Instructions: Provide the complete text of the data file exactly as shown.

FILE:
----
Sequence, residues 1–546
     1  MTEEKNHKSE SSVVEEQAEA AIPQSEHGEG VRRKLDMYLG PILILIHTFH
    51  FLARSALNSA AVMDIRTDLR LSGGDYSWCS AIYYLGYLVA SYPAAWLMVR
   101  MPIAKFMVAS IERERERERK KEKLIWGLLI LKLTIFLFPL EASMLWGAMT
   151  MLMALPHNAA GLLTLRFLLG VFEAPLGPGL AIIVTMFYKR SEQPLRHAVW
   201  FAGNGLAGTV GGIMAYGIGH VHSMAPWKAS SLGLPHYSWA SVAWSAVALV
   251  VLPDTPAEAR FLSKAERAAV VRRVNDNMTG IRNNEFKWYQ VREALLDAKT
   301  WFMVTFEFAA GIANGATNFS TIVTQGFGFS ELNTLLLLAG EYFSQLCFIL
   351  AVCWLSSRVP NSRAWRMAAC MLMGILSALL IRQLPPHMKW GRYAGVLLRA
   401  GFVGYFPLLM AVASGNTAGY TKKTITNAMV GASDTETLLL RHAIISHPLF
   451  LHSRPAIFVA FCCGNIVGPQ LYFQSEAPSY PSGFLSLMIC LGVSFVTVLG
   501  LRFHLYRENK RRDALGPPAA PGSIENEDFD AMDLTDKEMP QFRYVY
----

Sequence, residues 1–546
     1  MTEEKNHKSE SSVVEEQAEA AIPQSEHGEG VRRKLDMYLG PILILIHTFH
    51  FLARSALNSA AVMDIRTDLR LSGGDYSWCS AIYYLGYLVA SYPAAWLMVR
   101  MPIAKFMVAS IERERERERK KEKLIWGLLI LKLTIFLFPL EASMLWGAMT
   151  MLMALPHNAA GLLTLRFLLG VFEAPLGPGL AIIVTMFYKR SEQPLRHAVW
   201  FAGNGLAGTV GGIMAYGIGH VHSMAPWKAS SLGLPHYSWA SVAWSAVALV
   251  VLPDTPAEAR FLSKAERAAV VRRVNDNMTG IRNNEFKWYQ VREALLDAKT
   301  WFMVTFEFAA GIANGATNFS TIVTQGFGFS ELNTLLLLAG EYFSQLCFIL
   351  AVCWLSSRVP NSRAWRMAAC MLMGILSALL IRQLPPHMKW GRYAGVLLRA
   401  GFVGYFPLLM AVASGNTAGY TKKTITNAMV GASDTETLLL RHAIISHPLF
   451  LHSRPAIFVA FCCGNIVGPQ LYFQSEAPSY PSGFLSLMIC LGVSFVTVLG
   501  LRFHLYRENK RRDALGPPAA PGSIENEDFD AMDLTDKEMP QFRYVY